The psalmist who wrote Psalm 71 looks back on his life and remembers God’s faithfulness.
For You are my hope;
O Lord God, You are my confidence from my youth.
By You I have been sustained from my birth;
You are He who took me from my mother’s womb;
My praise is continually of You.
The psalmist is in some kind of trouble. He writes about those who want to hurt him and those who have spoken against him. He pleads with God to rescue him from the wicked, the wrongdoer, and the ruthless.
In the midst of his own troubles, he states his commitment to tell other people about God . . .
My mouth shall tell of Your righteousness
And of Your salvation all day long;
For I do not know the sum of them.
I will come with the mighty deeds of the Lord God;
I will make mention of Your righteousness, Yours alone.
. . . and he looks ahead to those who will come after him.
O God, You have taught me from my youth,
And I still declare Your wondrous deeds.
And even when I am old and gray, O God, do not forsake me,
Until I declare Your strength to this generation,
Your power to all who are to come.
What the psalmist wants to do is crucial because it is easy for the next generation to lose what their parents knew. This happened in Judges:
All that generation also were gathered to their fathers;
and there arose another generation after them
who did not know the Lord,
nor yet the work which He had done for Israel.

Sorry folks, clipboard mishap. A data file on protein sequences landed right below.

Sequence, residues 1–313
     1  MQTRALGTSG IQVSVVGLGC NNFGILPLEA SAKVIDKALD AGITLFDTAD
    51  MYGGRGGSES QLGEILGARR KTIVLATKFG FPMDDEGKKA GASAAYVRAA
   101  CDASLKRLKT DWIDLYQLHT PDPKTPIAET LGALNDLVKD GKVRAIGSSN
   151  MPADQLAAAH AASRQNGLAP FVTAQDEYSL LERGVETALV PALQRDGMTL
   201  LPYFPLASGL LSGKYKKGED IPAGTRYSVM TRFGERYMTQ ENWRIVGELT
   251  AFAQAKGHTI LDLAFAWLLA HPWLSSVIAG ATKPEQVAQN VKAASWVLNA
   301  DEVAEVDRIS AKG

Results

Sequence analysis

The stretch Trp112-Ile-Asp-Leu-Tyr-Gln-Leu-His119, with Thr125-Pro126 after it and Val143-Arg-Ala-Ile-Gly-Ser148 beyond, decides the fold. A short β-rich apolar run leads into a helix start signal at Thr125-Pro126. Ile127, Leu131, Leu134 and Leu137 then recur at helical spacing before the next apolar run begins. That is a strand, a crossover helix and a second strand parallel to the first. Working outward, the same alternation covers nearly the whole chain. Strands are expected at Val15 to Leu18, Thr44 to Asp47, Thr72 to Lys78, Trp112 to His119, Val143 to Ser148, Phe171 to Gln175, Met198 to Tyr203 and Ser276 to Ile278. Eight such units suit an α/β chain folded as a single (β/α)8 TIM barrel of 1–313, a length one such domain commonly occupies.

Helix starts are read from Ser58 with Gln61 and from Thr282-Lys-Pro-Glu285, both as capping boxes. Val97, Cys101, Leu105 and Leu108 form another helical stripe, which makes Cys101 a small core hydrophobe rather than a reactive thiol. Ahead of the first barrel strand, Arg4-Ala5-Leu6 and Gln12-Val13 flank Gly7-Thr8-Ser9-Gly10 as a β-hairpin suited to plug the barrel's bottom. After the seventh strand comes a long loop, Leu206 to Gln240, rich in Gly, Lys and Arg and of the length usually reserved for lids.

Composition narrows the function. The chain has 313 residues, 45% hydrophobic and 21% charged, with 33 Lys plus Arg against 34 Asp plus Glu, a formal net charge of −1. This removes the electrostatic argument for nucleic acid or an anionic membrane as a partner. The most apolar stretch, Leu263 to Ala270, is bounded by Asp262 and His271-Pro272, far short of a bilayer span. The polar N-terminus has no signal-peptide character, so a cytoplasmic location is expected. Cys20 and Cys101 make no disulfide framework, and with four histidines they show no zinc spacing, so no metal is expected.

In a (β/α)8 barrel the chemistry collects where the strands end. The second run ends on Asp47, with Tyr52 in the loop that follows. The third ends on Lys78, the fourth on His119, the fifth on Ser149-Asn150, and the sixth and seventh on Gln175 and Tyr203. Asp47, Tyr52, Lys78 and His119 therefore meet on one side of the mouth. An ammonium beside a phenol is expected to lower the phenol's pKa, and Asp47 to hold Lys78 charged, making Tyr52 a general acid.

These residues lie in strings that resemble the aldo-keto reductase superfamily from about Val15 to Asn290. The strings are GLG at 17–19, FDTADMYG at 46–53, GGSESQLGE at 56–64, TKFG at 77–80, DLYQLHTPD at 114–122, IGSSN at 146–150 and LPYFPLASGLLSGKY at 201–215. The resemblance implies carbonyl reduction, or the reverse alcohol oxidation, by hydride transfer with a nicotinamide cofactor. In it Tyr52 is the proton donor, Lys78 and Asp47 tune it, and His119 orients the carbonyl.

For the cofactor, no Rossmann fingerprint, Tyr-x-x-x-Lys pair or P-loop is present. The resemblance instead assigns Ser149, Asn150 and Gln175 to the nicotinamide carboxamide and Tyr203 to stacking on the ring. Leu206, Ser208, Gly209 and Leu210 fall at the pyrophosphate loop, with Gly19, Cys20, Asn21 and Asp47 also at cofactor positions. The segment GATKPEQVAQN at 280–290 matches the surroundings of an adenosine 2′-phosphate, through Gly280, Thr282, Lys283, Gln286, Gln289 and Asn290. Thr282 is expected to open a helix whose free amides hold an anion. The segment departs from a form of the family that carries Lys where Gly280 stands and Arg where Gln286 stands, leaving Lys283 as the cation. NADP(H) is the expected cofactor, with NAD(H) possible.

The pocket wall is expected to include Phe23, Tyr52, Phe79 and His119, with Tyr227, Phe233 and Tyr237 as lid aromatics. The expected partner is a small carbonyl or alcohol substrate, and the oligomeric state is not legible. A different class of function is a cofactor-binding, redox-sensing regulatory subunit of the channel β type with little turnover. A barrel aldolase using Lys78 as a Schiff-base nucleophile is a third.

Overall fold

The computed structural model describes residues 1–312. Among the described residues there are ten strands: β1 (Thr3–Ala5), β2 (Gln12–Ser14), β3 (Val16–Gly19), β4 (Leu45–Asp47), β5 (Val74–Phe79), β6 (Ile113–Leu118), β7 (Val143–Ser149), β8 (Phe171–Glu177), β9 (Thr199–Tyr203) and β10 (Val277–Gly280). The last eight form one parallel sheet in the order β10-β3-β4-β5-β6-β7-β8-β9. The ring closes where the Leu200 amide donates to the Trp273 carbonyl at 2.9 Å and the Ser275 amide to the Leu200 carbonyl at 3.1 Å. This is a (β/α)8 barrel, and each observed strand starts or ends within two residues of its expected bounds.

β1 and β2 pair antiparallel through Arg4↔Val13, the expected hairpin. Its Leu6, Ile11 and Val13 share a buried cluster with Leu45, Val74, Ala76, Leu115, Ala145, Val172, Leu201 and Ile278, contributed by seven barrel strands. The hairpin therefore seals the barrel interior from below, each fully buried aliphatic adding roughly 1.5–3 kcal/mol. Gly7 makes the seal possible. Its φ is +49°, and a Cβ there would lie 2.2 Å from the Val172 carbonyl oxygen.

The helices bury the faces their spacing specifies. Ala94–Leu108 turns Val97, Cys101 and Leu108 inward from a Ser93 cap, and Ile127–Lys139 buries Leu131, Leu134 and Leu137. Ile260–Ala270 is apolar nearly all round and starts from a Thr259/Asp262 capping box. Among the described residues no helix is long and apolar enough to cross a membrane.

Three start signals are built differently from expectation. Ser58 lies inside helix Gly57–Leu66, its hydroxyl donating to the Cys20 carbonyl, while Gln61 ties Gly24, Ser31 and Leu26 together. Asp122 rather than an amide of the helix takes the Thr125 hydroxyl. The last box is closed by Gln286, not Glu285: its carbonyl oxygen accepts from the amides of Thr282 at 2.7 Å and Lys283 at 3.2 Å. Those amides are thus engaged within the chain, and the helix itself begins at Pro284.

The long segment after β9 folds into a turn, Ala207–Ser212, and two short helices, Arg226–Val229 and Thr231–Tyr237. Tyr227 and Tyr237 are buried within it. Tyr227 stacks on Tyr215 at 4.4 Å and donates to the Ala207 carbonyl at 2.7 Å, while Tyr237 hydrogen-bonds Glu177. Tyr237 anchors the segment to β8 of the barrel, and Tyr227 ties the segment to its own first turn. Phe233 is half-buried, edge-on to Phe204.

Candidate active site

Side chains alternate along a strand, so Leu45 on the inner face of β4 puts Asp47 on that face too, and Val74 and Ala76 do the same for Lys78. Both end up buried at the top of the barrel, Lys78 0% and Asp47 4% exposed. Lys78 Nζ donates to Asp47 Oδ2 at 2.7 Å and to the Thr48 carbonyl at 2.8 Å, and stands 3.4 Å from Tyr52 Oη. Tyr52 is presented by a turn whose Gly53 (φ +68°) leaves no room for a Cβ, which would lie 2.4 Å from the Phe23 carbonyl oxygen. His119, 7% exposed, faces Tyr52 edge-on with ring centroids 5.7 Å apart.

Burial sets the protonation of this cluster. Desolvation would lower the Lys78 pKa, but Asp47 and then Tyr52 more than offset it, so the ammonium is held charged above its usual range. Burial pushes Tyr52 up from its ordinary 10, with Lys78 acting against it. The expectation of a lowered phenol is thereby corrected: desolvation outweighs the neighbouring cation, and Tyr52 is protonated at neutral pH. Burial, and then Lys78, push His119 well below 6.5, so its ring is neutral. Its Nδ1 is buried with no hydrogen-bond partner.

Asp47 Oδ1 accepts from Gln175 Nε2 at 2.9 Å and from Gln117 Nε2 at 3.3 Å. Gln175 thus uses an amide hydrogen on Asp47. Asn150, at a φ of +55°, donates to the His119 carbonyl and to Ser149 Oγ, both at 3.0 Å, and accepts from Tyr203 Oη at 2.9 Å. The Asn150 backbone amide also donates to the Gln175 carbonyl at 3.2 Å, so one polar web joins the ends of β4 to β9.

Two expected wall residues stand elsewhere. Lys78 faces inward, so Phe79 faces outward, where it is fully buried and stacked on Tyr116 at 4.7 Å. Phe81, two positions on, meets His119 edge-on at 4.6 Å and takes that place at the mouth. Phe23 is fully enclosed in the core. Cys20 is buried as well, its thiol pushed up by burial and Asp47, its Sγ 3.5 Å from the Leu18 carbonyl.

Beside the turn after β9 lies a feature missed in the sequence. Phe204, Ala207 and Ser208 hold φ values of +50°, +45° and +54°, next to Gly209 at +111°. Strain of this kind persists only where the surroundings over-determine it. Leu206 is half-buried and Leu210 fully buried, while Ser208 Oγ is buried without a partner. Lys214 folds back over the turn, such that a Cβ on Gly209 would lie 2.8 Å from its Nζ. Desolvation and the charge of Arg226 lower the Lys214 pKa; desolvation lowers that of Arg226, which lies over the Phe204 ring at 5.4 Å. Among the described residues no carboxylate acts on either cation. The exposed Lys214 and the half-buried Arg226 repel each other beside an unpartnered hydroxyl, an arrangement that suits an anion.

You and I want every generation of our families to be like those in Psalm 24:
This is the generation of those who seek Him,
Who seek Your face . . .
Researchers and the media use specific terms to label various generations: The Greatest Generation, Baby Boomers, Gen X, Millennials, etc. In Philippians 2:15, Paul encourages Christians to be: “blameless and innocent, children of God above reproach in the midst of a crooked and perverse generation . . . .” We certainly don’t want our children to be part of a generation like that. Paul says that those blameless and innocent children of God “appear as lights in the world.”
Ah, that’s what we want — lights in the world. And that’s why we do what the psalmist who wrote Psalm 71 did. We train the next generation. We don’t let any concerns or troubles of our own keep us from doing that. In fact, we even allow those concerns and troubles to make us more diligent. Those future generations need us to train them to handle the good times and the bad.
Now to Him who is able to do
far more abundantly beyond all that we ask or think,
according to the power that works within us,
to Him be the glory in the church and in Christ Jesus
to all generations forever and ever. Amen.
Here’s a reminder about Miracles in the Camp, playing tonight, Friday morning and evening, and Saturday afternoon and evening at the Cookeville Performing Arts Center.